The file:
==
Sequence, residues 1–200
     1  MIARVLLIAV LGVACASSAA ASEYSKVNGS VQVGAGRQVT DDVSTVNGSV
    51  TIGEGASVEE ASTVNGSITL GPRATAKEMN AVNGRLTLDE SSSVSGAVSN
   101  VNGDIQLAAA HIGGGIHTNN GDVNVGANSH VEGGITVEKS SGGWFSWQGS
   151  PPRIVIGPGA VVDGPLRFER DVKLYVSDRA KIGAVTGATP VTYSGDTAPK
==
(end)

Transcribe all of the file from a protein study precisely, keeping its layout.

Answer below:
Sequence, residues 1–200
     1  MIARVLLIAV LGVACASSAA ASEYSKVNGS VQVGAGRQVT DDVSTVNGSV
    51  TIGEGASVEE ASTVNGSITL GPRATAKEMN AVNGRLTLDE SSSVSGAVSN
   101  VNGDIQLAAA HIGGGIHTNN GDVNVGANSH VEGGITVEKS SGGWFSWQGS
   151  PPRIVIGPGA VVDGPLRFER DVKLYVSDRA KIGAVTGATP VTYSGDTAPK